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Council president questions water department layoffs

Christine Ferretti The Detroit News

Detroit — City Council President Brenda Jones said she’s seeking answers from the city’s water department as it continues to downsize staff.

Under its “optimization initiative,” the Detroit Water and Sewerage Department’s staffing has gone from 2,200 employees to 1,100, officials said.

Jones on Tuesday said she’s learned that about 100 water department employees will be cut in upcoming layoffs, including a couple dozen water chemists.

Jones said she plans to convene an expanded committee session to get an update from the water department on its staff reduction.

“I don’t know how it’s affecting what happens with our Water and Sewerage Department because nothing is coming to council,” she said. “We don’t have the opportunity to ask the questions that we need to ask when it comes to DWSD.”

Michael Mulholland, president of the American Federation of State, County and Municipal Employees Local 207, said most of the staff reductions have taken place over the last year. Approximately 100 water department workers are expected to face layoffs Friday.

“It’s a horrible blow to many families in the Detroit area,” he said. “As if Detroiters and our neighborhoods don’t have instability and poverty. Now it’s going to be greatly increased for the members.”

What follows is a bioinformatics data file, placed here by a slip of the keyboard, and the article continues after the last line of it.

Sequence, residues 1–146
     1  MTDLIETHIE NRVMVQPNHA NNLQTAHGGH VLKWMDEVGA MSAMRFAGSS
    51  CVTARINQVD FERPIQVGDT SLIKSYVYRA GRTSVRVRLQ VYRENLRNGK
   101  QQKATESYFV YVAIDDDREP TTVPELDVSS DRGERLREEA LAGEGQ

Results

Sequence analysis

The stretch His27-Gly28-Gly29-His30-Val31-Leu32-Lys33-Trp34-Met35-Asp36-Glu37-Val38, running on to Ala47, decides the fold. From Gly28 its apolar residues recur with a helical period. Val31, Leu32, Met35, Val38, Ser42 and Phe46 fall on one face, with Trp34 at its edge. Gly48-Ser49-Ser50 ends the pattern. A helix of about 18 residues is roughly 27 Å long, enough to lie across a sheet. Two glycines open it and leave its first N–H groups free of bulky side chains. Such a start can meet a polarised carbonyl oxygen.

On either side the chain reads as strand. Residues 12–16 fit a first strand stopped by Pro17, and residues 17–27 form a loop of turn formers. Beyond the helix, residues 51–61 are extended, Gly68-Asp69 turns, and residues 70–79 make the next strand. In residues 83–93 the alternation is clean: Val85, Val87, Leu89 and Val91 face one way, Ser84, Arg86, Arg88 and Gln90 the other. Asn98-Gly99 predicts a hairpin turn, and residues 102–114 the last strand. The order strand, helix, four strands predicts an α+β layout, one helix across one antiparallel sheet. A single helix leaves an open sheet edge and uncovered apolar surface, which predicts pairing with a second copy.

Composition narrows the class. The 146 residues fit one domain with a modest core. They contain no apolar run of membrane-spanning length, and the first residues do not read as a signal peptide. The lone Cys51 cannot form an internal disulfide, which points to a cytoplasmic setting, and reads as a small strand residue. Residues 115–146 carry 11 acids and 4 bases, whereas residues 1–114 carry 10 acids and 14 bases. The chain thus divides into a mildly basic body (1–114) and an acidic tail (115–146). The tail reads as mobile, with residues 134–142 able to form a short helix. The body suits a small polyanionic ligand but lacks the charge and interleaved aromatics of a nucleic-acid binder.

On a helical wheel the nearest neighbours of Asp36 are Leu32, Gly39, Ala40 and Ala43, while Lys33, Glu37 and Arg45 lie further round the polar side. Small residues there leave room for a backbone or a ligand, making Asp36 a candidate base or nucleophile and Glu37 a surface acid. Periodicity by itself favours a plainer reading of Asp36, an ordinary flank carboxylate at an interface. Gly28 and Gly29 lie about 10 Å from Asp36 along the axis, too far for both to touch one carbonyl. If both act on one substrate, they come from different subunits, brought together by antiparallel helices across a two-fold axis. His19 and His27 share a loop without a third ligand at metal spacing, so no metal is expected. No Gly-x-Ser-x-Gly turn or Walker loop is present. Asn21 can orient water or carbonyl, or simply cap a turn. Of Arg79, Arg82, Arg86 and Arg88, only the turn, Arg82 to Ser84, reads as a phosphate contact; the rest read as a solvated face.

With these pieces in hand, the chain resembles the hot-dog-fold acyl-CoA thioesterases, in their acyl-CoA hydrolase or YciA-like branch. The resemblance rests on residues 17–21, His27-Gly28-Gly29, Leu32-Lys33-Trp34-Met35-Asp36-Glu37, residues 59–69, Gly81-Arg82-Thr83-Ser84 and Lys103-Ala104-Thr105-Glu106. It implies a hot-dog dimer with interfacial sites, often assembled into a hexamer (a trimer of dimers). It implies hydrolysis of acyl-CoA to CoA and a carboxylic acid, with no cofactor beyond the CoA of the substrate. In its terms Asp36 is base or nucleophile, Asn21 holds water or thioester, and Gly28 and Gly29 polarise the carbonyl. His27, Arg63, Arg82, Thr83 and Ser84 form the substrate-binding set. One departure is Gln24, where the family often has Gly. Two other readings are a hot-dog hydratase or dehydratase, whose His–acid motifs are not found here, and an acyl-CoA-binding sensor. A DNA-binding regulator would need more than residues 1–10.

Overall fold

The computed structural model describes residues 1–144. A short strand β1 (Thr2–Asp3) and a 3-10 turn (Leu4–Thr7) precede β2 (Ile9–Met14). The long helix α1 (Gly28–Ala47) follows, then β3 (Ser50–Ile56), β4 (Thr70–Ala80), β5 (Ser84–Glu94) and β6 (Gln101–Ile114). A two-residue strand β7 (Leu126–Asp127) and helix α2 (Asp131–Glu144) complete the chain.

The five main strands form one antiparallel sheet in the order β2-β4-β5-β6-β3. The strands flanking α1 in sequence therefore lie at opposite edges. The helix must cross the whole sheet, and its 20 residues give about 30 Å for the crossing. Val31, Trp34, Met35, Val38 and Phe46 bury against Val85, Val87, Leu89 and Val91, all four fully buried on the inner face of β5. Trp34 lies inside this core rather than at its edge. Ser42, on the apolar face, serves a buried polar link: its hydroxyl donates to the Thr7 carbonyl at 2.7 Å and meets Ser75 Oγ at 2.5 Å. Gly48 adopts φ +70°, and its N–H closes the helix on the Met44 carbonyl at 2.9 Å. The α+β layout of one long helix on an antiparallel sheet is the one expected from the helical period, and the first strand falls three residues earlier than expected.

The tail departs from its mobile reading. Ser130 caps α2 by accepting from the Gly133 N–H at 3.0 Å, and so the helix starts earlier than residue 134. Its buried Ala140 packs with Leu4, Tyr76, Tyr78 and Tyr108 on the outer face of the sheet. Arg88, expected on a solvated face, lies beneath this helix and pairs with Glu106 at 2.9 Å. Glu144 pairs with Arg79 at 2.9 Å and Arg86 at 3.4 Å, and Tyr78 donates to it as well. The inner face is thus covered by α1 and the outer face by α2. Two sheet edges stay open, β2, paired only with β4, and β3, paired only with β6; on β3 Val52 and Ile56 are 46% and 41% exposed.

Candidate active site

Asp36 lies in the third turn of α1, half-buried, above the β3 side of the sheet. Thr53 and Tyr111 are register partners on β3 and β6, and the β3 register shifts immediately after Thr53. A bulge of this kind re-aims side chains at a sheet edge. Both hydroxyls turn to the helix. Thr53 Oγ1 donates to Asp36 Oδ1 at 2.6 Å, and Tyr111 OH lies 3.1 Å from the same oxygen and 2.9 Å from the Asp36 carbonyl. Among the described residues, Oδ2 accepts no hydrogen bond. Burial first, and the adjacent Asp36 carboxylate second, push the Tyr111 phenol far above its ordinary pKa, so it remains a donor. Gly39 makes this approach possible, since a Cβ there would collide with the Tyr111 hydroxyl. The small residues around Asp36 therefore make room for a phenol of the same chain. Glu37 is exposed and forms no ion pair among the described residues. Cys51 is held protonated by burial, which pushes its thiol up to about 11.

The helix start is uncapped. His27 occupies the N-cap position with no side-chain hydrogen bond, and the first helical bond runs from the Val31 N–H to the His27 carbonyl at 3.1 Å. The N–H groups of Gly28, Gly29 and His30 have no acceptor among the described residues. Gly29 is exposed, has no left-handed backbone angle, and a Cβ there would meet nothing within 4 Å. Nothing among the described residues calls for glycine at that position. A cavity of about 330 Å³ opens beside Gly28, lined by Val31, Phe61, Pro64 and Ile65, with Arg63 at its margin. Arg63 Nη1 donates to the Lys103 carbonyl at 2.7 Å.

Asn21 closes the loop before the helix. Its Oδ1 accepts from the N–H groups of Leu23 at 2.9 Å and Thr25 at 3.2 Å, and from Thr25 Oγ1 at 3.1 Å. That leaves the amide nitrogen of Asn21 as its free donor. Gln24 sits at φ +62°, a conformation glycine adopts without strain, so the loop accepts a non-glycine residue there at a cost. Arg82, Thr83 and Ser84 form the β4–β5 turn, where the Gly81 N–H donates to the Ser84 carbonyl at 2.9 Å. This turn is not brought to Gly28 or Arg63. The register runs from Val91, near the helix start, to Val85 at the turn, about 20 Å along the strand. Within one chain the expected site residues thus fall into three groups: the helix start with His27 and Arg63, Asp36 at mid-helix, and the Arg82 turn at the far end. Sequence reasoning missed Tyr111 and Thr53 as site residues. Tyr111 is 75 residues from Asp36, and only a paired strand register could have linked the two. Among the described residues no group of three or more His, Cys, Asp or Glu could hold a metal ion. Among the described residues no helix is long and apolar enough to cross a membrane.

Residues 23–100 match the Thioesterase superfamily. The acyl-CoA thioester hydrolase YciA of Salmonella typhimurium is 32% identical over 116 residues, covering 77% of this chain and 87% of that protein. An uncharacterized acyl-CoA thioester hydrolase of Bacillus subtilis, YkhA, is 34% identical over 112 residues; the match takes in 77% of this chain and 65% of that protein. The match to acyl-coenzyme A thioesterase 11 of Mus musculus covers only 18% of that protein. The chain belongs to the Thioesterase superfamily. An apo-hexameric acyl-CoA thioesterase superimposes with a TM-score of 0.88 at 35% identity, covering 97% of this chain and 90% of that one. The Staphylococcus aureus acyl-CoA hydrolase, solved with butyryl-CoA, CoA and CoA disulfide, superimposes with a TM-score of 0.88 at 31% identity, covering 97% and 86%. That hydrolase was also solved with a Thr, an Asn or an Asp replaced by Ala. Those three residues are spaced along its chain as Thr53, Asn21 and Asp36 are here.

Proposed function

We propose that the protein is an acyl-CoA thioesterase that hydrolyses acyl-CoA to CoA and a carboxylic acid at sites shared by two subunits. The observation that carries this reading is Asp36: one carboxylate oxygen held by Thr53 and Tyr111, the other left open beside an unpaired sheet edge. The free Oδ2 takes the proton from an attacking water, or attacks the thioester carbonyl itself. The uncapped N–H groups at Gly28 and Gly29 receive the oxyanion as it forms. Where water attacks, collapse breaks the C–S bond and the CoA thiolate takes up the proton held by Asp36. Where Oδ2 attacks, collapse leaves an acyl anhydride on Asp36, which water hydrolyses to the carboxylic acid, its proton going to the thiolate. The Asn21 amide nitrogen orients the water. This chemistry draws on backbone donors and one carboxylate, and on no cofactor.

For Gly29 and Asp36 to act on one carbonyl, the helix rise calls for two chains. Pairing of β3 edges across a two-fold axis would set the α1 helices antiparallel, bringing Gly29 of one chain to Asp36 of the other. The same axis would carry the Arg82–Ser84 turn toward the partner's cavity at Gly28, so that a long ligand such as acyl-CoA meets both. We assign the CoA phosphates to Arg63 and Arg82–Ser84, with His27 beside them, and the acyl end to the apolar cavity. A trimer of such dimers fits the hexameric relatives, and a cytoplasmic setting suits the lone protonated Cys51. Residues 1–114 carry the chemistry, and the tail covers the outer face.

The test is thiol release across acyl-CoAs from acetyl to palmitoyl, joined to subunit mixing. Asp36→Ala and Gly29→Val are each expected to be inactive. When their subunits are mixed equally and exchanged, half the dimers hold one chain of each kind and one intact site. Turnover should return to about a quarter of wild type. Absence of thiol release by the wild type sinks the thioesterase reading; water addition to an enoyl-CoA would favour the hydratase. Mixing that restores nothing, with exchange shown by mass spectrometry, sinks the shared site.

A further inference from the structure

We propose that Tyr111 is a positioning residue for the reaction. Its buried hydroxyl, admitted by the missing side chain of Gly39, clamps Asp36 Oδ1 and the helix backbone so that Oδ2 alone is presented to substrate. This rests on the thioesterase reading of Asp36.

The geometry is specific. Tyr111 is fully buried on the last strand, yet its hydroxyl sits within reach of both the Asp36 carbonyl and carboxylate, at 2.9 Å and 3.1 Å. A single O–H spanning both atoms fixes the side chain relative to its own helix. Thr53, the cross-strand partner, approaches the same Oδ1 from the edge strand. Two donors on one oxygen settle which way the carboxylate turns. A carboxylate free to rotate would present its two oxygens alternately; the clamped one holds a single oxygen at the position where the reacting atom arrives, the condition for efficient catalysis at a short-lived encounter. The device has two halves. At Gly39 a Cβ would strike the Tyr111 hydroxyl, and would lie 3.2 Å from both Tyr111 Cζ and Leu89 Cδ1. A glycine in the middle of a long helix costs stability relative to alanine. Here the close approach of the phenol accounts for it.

Jones shared her frustrations Tuesday, noting contracts and other Detroit Water and Sewerage Department changes take place without oversight of the city’s legislative body and are concerning.

In an email to The Detroit News, the water department’s chief operating officer Cheryl Porter said DWSD has gone from 257 titles to 57 and halved its number of employees under its optimization plan.

During this period, she said, DWSD has won the National Association of Clean Water Utilities Silver Award for its environmental compliance.

Porter said the department has eliminated duplicative functions and, in this case, is consolidating laboratories performing similar functions. The consolidation will align operations with feedback from sample testing to ensure adjustments are made promptly to maintain the current improved compliance record.

The Great Lakes Water Authority, which will handle 3 million suburban customers, is set to start running the Detroit Water and Sewerage Department on Jan. 1.

Detroit transferred its water system to the new authority last year, partly to raise money for infrastructure. The 40-year deal pays the city $50 million per year and allows Detroit to maintain ownership of the system, which has 3,000 miles of pipes and 2,000 water main breaks yearly.

The authority was finalized in June, establishing two independent entities. The Detroit Water Department serves the city while the GLWA, which is run by a separate director, leases and runs what is not the Detroit Water and Sewerage Department system outside Detroit city limits.